Defined contribution plan sponsors are facing much more challenging market conditions heading into 2022, with lower expected returns across core asset classes and high levels of uncertainty around the pandemic, rising inflation and other market factors.

“This is truly an exceptionally difficult environment to navigate,” said Som Priestly, multi-asset solutions strategist at T. Rowe Price, during Benefits Canada’s 2022 Defined Contribution Investment Forum in January.

Index funds and the broader markets are facing lower return expectations than the past, meaning plan sponsors need to start thinking about new sources for excess returns to improve outcomes for members, something that’s typically achieved through active management, he said.

Read: Expert panel: DB, DC pension predictions for 2022

These market conditions come as Canadian and U.S. households face challenging financial conditions. According to a T. Rowe Price survey, about half (47 per cent) of U.S. households have less than $25,000 saved for retirement and 48 per cent said they can’t afford to save more. Four in 10 (41 per cent) respondents can’t cover a $400 emergency.

In this environment, investment strategy selection becomes all the more important, said Priestly. According to T. Rowe Price’s own research, adding 25 basis points of additional value from active management would add about two years of additional spending within retirement for plan members and an extra 50 basis points could add five more years of spending or a 12 per cent greater balance at retirement.

However, he acknowledged active management can create plenty of anxiety around picking an underperforming manager. DC plan sponsors can keep a few key considerations in mind to address some of their concerns. The first is discarding the myth that offering a lineup of passive investments is the “path of least resistance” to meeting plan sponsors’ fiduciary duty to members while reducing governance responsibility and cost.

Read: Head to head: Should pension plans be investing actively or passively?

“What is key to meeting your fiduciary responsibility is having a more holistic view around your plan objectives, your plan participants, the demographics and their key characteristics and what investment strategies are best suited to meeting those goals.” 

Priestly advocated for a clear and documented process for considering investments’ value in excess of their costs, in terms of growing retirement income while minimizing downside risk. Some strategies do have implementation costs, so “cost shouldn’t really be a dirty word,” he said, if the net of fee value add and the strategy’s ability to deliver on its objectives are sound. He noted this is equally applicable across active and passive strategies, the latter of which can be complex and require keen due diligence.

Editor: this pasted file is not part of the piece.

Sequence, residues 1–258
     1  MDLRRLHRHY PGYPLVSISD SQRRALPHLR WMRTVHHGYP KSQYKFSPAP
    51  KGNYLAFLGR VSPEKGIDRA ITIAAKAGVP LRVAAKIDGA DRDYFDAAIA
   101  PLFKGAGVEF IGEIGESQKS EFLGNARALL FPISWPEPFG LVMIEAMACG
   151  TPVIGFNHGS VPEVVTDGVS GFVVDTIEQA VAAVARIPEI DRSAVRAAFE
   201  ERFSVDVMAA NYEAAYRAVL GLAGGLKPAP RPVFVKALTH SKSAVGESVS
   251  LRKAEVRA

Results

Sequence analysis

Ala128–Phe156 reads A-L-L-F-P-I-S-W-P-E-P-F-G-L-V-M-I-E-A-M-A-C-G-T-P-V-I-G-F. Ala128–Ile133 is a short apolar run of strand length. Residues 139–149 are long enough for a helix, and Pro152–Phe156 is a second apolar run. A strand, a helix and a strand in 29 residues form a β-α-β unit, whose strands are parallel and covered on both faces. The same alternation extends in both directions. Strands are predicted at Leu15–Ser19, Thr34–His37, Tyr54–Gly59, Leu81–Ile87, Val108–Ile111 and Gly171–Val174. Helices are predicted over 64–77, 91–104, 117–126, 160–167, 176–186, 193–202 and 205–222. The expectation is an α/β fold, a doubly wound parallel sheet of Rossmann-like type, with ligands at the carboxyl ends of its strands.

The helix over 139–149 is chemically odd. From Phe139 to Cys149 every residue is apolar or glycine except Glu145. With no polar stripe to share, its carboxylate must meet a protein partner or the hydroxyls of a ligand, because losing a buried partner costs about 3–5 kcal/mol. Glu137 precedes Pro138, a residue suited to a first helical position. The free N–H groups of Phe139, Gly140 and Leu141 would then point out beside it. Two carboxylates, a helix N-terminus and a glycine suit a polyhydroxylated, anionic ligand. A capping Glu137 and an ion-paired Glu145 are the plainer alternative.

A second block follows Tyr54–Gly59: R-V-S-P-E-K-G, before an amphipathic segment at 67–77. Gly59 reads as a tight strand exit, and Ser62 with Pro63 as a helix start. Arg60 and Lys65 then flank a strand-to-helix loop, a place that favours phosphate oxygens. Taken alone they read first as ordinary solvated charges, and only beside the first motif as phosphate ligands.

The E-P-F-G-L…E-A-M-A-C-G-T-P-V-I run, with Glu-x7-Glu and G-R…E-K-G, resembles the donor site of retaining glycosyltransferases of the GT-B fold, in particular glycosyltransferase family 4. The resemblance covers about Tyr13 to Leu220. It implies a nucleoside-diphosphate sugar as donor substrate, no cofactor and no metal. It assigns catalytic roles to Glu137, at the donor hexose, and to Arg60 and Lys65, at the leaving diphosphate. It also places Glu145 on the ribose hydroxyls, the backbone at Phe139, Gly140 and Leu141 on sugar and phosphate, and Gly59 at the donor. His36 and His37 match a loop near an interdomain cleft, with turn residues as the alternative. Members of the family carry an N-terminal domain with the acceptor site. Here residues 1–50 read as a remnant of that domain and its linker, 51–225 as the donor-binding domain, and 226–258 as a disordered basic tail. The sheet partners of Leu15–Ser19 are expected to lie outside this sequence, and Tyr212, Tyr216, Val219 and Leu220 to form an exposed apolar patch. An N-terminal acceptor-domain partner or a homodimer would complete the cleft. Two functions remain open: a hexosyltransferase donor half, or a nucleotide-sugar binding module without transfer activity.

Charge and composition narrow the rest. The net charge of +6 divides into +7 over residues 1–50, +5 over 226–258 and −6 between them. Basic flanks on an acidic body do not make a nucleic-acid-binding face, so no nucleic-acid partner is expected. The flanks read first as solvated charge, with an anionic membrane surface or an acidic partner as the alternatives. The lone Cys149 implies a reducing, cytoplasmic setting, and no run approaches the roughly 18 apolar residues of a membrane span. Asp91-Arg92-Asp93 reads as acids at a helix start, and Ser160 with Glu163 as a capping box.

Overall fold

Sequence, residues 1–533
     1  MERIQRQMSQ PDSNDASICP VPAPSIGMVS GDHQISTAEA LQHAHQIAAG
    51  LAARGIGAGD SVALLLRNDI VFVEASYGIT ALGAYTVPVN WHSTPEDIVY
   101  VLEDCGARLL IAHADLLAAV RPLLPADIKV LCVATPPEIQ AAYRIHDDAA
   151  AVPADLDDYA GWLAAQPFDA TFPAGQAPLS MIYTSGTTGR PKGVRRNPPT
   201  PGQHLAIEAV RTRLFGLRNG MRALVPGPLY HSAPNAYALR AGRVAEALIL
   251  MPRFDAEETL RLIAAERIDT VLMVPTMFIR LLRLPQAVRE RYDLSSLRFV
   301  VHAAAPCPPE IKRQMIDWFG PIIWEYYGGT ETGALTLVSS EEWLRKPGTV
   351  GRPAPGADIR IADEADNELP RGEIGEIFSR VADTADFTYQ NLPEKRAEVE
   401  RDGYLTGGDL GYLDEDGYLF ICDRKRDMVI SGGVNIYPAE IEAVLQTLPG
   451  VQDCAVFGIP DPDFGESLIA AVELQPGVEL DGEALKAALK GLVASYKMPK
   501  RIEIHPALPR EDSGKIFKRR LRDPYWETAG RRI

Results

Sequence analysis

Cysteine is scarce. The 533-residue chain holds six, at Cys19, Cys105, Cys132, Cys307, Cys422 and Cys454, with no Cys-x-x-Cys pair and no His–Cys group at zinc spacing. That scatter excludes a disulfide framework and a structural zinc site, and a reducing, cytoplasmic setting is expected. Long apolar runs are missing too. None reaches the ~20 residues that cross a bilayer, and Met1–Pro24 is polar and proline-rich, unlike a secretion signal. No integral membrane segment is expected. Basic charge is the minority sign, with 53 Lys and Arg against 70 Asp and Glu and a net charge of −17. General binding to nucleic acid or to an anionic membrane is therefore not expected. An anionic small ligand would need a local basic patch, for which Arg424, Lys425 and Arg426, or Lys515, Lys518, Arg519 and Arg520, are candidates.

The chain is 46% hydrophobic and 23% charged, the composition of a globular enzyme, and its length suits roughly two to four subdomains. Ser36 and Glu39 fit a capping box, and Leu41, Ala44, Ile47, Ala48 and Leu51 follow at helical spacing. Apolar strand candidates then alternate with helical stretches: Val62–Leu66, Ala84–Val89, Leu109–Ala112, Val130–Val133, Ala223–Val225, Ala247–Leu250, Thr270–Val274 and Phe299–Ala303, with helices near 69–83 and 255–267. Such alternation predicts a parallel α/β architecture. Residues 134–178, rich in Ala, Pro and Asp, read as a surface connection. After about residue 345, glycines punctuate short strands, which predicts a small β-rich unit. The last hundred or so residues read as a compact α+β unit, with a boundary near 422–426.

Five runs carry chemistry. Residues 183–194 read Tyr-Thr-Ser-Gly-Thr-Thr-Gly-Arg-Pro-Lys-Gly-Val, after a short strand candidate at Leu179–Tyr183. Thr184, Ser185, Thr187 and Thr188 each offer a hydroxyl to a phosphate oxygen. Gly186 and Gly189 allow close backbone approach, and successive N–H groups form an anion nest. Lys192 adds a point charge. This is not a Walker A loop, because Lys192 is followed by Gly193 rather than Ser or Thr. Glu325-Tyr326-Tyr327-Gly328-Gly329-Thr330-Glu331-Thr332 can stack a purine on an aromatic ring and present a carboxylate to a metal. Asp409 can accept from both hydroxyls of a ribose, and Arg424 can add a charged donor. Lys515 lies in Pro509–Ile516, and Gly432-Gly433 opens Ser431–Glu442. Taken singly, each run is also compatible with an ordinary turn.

Plan sponsors should also consider whether their investment has sufficient breadth to meet a range of employee life stages, risk tolerance preferences and personal desires around factors such as leaving an inheritance, said Priestly. Determining whether the lineup is broad enough can be challenging, especially when a novice investor may find the idea of building a portfolio across too broad a lineup quite daunting. “Plan sponsors really have a responsibility to curate the platform in a way that provides a more streamlined, approachable lineup but doesn’t sacrifice underlying diversification and durability.”

This is where active managers can be particularly effective, consolidating a broad mandate like global equities and “leverag[ing] that breadth into excess return,” he said.

Read: When does active investment trump passive?

Offering a lineup of investments that has been screened for environmental, social and governance considerations also requires a “well-defined active approach” that ensures against taking a superficial approach. “Certainly, when you think about broader passive indexes, there are a lot of companies with more divergent reputations. . . . Where ESG may be a concern, active becomes critical.”

When it comes to generating excess return from active management, Priestly said some asset classes offer more favourable risk-return trade-offs than others. An assessment of six asset classes — global equities, emerging market equities, non-U.S. equities, U.S. core, U.S. large cap core and U.S. small cap core — determined that, over a 20-year period, global equities active managers were most likely to outperform without taking on greater downside risk exposure.

The average two-year rolling gross excess return for a global equities manager was 160 basis points, with top quartile managers providing about 400 basis points of excess returns. On average, 70 per cent of managers in that universe outperformed the benchmark.

Priestly said T. Rowe Price expects those results will hold going forward given the “massive, massive spread” between top and bottom performing stocks on the [MSCI Inc.] ACWV, which creates “fertile ground” for stock picking of which global managers have historically taken advantage.

Read more coverage from the 2022 Defined Contribution Investment Forum.